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14 July, 2003@12:00 am

   As one of the few who were lucky enough to catch a buzz during the indy 12-inch boom of the late 90′s and early 00′s, Louis Logic first caught ears with his ode-to-alcohol, “Factotum”. On this lyrical A.A. meeting, the budding emcee confessed his passion for wine and spirits over a few drinks and a jazzyfat beat produced by J.J. Brown. But the question lingering was would Lou continue to dazzle us with such well written tracks and excellent production on a full-length, or fade into indy 12″ obscurity? Sin-A-Matic is the answer to that question. 

    With such a great debut track, it seemed almost impossible for Lou to top it, but along with producer J.J. Brown (not to mention other co-conspirators Celph Titled, The Molemen, The Avid Record Collector, Cimer Amor, and King Honey), Lou has not only topped his breakout single, but gone above and beyond the call of duty delivering a highly conceptual, lyrically witty (is brilliant too strong a word to use here?), and well-produced debut full-length. 

 From the get-go, it almost begins as an almost too similar carnival ride of shock, as the Drunken Dragon delivers visually disturbing rhymes on “Freak Show”, a bleak look at the world we live in, or “Coochie Coup”, an offensively funny dedication to the fajita (fah-jy-tah). Lou keeps on course later in the album with incredibly likable tracks that examine his twisted views on relationships (see both “The Rest” and “Idiot Gear”). While each of these tracks will induce confusion, laughter, disapproval, vomit, or all of the above, comparisons will be made to other rappers that sing to this same mantra (Eminem, Cage), however the deeper the listener gets into the album, the more intricate Lou’s concepts get. Case in point, “Dust To Dust”, which follows “Idiot Gear” takes the paranoia a step further and examines what actually happens to the lonely souls drowning in their own self-pity after they leave the bar.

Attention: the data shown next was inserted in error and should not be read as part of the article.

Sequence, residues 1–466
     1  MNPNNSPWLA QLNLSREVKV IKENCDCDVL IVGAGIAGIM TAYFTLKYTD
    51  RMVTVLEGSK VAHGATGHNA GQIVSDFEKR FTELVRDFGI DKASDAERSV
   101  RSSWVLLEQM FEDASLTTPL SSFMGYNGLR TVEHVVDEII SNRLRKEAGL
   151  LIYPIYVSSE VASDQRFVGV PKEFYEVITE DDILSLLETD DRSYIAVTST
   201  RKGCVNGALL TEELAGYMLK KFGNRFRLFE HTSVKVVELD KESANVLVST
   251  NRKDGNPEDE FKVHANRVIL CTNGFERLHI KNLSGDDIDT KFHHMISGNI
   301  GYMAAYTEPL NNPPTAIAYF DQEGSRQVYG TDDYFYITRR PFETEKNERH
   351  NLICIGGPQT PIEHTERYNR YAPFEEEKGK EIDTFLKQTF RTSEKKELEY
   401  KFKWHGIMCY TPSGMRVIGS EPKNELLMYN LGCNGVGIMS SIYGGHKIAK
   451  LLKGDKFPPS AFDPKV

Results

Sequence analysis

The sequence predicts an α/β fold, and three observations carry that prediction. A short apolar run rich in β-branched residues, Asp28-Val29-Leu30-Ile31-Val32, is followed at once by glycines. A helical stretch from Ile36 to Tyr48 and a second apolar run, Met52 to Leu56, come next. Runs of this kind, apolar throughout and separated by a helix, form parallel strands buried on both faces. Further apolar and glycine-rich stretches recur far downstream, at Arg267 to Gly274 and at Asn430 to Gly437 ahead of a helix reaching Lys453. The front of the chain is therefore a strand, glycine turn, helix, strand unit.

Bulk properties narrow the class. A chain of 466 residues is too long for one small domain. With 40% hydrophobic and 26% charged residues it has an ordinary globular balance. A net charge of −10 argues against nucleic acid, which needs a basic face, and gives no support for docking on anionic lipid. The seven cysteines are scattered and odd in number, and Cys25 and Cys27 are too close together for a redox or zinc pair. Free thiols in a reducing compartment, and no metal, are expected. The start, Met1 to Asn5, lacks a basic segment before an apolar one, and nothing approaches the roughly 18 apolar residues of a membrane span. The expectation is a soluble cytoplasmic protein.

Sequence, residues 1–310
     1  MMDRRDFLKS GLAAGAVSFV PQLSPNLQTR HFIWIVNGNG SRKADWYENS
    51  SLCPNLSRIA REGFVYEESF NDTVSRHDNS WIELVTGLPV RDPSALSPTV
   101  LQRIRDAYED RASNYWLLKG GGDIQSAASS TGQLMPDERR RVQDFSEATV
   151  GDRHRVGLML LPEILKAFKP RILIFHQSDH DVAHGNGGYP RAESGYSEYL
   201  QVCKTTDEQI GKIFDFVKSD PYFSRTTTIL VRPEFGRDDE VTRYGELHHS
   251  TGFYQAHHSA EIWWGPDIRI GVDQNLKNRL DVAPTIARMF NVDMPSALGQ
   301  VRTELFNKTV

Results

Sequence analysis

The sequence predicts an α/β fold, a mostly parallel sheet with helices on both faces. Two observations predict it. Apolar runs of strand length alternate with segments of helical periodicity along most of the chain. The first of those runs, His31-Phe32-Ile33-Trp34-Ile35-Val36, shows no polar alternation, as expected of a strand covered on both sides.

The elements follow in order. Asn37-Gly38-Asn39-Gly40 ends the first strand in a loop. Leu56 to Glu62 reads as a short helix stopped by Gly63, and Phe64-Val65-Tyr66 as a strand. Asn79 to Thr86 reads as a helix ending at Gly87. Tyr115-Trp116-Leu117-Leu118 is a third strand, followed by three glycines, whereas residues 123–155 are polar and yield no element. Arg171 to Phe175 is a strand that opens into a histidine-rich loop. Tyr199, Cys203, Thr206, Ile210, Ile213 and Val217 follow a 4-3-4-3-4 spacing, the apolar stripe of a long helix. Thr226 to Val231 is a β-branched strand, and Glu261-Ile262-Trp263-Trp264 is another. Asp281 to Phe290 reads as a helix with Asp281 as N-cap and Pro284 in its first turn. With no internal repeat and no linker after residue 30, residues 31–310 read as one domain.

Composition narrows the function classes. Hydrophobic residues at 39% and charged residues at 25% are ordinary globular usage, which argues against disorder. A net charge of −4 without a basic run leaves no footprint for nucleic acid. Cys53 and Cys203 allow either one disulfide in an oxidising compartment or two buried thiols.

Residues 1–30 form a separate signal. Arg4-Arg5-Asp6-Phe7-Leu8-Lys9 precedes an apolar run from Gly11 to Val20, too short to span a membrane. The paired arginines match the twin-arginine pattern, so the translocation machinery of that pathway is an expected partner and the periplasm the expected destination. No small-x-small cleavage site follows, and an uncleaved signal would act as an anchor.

This type of visual, narrative, rhyme-heavy story-telling extends throughout the second half of the album, such as on the two-part “Best Friends” / “Revenge” – an unexpected romp that begins with a mellow Diamond D-esque track (props to the Avid Record Collector), where Lou trusts fellow Demigod Apathy to watch over his girl, only to be stuck figuring out later with Celph Titled what to do with his dead body in the second part. Meanwhile, “Fair Weather Fan” is another excellent track, where Lou rhymes from the perspective of three different critics judging his work (all due respect to Oliver “O-Dub” Wang, no offense); and on the same token, “The Ugly Truth” will throw listeners for a loop the first time they hear it, as Lou degrades just about every racial background only to be revealed as someone else holding the mic at the end.     

Sin-A-Matic is the perfect title for Lou’s magnum opus debut, as it is a visual tour-de-force creatively built upon the sarcasm, sex, drugs, and violence his world revolves around, and thankfully you don’t have to be a rocket scientist to figure it out. As one of the strongest indy projects to be released this year (thanks to consistency in all areas - beats, rhymes, song structure, etc), once the word gets out, it’s only a matter of time before the majors step in and give Lou a shot at the big leagues. With offshoot projects in the works to hold us over (The Odd Couple (J-Love & Louis Logic) , Demigodz), after this catches on, heads will be drooling for his next blend of “sex music and beer, into a work of art that you shouldn’t hear”.

  Mixtape D.L.
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